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Tissue sample stability: thawing effect on multi-organ samples
Umeå University, Faculty of Science and Technology, Department of Chemistry. (CLiC)
AcureOmics AB, Umeå, Sweden.
Paris, France.
AcureOmics AB, Umeå, Sweden.
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2016 (English)In: Metabolomics, ISSN 1573-3882, E-ISSN 1573-3890, Vol. 12, no 2, 19Article in journal (Refereed) Published
Abstract [en]

Correct handling of samples is essential in metabolomic studies. Improper handling and prolonged storage of samples has unwanted effects on the metabolite levels. The aim of this study was to identify the effects that thawing has on different organ samples. Organ samples from gut, kidney, liver, muscle and pancreas were analyzed for a number of endogenous metabolites in an untargeted metabolomics approach, using gas chromatography time of flight mass spectrometry at the Swedish Metabolomics Centre, Umeå University, Sweden. Multivariate data analysis was performed by means of principal component analysis and orthogonal projection to latent structures discriminant analysis. The results showed that the metabolic changes caused by thawing were almost identical for all organs. As expected, there was a marked increase in overall metabolite levels after thawing, caused by increased protein and cell degradation. Cholesterol was one of the eight metabolites found to be decreased in the thawed samples in all organ groups. The results also indicated that the muscles are less susceptible to oxidation compared to the rest of the organ samples.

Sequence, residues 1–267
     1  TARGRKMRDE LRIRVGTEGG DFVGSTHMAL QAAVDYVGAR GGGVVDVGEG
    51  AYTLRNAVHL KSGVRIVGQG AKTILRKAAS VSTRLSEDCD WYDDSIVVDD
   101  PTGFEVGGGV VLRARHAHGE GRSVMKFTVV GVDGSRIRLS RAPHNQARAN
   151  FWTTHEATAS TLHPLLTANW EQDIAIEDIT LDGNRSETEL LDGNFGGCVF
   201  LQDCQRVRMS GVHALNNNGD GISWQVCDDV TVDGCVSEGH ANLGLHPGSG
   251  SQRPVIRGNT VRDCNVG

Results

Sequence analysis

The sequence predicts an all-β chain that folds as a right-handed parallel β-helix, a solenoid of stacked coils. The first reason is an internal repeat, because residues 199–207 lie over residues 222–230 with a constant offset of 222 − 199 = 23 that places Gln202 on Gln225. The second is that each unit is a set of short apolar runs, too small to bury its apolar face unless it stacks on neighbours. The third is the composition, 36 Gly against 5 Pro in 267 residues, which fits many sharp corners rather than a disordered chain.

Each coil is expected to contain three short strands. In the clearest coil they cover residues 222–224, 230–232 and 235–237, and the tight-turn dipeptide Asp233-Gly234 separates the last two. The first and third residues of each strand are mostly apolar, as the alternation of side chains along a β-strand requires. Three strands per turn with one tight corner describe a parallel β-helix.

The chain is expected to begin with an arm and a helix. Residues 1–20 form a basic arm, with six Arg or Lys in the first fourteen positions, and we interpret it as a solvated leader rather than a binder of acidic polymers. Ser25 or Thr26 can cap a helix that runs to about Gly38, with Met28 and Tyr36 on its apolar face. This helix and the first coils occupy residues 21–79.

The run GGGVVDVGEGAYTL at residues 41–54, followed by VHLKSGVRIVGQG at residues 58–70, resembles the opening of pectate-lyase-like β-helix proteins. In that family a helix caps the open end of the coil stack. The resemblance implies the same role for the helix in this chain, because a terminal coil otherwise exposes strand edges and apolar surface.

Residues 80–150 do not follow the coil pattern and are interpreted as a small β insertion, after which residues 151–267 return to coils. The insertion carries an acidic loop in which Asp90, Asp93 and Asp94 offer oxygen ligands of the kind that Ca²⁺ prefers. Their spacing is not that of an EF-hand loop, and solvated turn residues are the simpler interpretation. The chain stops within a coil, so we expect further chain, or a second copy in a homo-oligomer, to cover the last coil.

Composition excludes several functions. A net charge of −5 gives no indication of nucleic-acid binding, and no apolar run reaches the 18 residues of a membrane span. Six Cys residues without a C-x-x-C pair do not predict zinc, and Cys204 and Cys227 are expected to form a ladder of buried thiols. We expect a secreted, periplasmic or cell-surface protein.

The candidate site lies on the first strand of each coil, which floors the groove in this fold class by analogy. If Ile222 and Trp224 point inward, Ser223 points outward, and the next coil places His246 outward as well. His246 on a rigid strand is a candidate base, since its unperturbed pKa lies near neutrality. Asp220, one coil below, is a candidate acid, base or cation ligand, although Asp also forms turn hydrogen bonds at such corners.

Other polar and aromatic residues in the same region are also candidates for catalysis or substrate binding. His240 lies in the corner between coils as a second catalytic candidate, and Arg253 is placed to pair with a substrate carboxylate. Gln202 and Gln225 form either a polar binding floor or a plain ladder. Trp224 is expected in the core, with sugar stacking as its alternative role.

Place, publisher, year, edition, pages
Springer, 2016. Vol. 12, no 2, 19
Keyword [en]
Thawing effect, Metabolomics, OPLS, Multivariate analysis, Multi-organ
National Category
Biochemistry and Molecular Biology
Identifiers
URN: urn:nbn:se:umu:diva-117461DOI: 10.1007/s11306-015-0933-1ISI: 000369343900010OAI: oai:DiVA.org:umu-117461DiVA: diva2:907910
Note

Electronic supplementary material The online version of this article (doi:10.1007/s11306-015-0933-1) contains supplementary material, which is available to authorized users.

This research was supported by the Swedish Research Council Grant No. 2011-6044 (to JT), the Biology of Liver and Pancreatic Development and Disease (BOLD) Marie Curie Initial Training Network (MCITN) within EU’s FP7 programme (to TL, JT, KB, FT, SC, CH, TM) and the CNRS and Universite´ Pierre et Marie Curie (to SC, CH), the Institut National de la Sante´ et de la Recherche Me´dicale, INSERM (to SC), the Socie´te´ Francophone du Diabe`te and Emergence UPMC (to CH). The funders had no role in study design, data collection and analysis, decision to publish, or preparation of the manuscript.

Conflict of interest: JT, TM and TL are shareholders of AcureOmics AB. No financing has been received from this company.

Available from: 2016-03-01 Created: 2016-03-01 Last updated: 2016-04-05Bibliographically approved

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Torell, FridaTrygg, Johan
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